for a reason, and a number of them are, thankfully, Type A's.
We are blessed to have so much talent in our midst.
THE PEOPLE HAVE SPOKEN
We recently decided that our Members and Patrons should be given
an opportunity to contribute to the monthly Newsletter, thereby
making it more inclusive and probably more interesting. Of course,
if I were to be rigorously honest, I might have to admit hiding
a bad motive behind a good one, and confess to the fact that
I have succumbed to mental fatigue. Here is a sample of some
of the many letters from our Members who wanted to share memories
and express their gratitude toward The Marina/Dry Dock for the
role it played in changing their lives.
Across the Sea
It was summer, 10 or 11 years ago when I first visited the Dry
Dock. I was visiting somebody that I knew who had worked there,
Irish Tony, (and still does, tirelessly!) and didn't really
know what to make of the place. I saw lots of weird looking
people sitting around and chatting and some of them were asking
me 'How are you today?" I thought "Well, these are
Being young (18) and a bit naive and just starting out in my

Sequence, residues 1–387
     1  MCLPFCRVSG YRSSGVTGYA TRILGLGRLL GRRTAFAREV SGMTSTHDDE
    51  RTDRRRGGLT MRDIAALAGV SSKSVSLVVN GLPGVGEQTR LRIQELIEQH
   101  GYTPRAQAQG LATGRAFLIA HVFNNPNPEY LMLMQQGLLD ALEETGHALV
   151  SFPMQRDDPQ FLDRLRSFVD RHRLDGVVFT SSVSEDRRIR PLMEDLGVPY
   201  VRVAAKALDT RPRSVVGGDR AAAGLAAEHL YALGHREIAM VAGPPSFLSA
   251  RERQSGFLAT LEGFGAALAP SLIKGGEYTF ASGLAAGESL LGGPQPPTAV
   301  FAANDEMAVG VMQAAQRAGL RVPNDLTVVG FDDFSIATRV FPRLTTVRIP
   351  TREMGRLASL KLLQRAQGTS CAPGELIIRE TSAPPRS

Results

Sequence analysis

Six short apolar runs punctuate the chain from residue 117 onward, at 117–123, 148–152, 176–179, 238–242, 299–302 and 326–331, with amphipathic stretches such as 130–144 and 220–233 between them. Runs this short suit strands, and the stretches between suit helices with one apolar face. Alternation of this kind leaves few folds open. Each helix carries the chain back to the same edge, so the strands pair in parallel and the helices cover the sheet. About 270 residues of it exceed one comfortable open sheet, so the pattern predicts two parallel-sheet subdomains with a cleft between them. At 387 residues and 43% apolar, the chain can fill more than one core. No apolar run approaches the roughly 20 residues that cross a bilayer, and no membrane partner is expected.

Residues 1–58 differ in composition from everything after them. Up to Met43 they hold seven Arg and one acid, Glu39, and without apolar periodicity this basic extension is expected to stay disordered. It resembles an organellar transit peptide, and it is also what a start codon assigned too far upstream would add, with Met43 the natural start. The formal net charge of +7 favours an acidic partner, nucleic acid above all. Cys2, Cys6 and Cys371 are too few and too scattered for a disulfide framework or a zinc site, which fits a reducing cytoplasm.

drinking career, I thought it very strange that people should
want to sit around and drink coffee! After all, I am Irish,
so for me 'the pub' was a social place where people hung out
and drank alcohol. So, being keen to acquaint myself with what
I knew best, I set off to find 'a pub' in SF. I was disappointed!
You had to be 21 to get served in the US of A! And so I continued
my journey from pub to pub and from country to country -Ireland
to Jersey, Channel Islands, drinking Guinness to champagne and
then on to Greece and the famous 'Raki'!
For me, it took only 10 years for me to have had enough. As
a friend of mine said, "At first it was fun, then fun with
problems and then just problems!" I finally got sober on
12th December 2003 in my hometown in Ireland with a loving group
called 'The Mustard Seed' in County Meath. They took me under
their wing and showed me the '12-Step Program' and how to find
the 'God' of my understanding.
It was at this time that Irish Tony gave me a call and told
me that I was in the right place! Although I didn't think so
at the time! The simple kit of spiritual tools were laid at